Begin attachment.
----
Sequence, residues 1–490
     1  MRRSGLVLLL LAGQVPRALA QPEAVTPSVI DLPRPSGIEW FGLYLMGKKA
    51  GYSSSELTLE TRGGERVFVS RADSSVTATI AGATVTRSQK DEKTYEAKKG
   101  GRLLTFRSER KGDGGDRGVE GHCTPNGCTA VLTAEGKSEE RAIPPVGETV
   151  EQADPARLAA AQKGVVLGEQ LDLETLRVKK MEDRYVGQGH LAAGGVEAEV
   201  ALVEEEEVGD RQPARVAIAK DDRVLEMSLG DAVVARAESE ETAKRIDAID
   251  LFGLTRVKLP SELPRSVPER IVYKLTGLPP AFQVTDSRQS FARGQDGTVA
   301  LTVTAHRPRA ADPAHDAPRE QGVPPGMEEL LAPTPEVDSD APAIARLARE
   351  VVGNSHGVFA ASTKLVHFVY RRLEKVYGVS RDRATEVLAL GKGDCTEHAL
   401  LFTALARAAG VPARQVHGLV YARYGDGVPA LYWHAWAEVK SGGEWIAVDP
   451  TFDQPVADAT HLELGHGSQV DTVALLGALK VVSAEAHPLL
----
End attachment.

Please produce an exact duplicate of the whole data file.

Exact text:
Sequence, residues 1–490
     1  MRRSGLVLLL LAGQVPRALA QPEAVTPSVI DLPRPSGIEW FGLYLMGKKA
    51  GYSSSELTLE TRGGERVFVS RADSSVTATI AGATVTRSQK DEKTYEAKKG
   101  GRLLTFRSER KGDGGDRGVE GHCTPNGCTA VLTAEGKSEE RAIPPVGETV
   151  EQADPARLAA AQKGVVLGEQ LDLETLRVKK MEDRYVGQGH LAAGGVEAEV
   201  ALVEEEEVGD RQPARVAIAK DDRVLEMSLG DAVVARAESE ETAKRIDAID
   251  LFGLTRVKLP SELPRSVPER IVYKLTGLPP AFQVTDSRQS FARGQDGTVA
   301  LTVTAHRPRA ADPAHDAPRE QGVPPGMEEL LAPTPEVDSD APAIARLARE
   351  VVGNSHGVFA ASTKLVHFVY RRLEKVYGVS RDRATEVLAL GKGDCTEHAL
   401  LFTALARAAG VPARQVHGLV YARYGDGVPA LYWHAWAEVK SGGEWIAVDP
   451  TFDQPVADAT HLELGHGSQV DTVALLGALK VVSAEAHPLL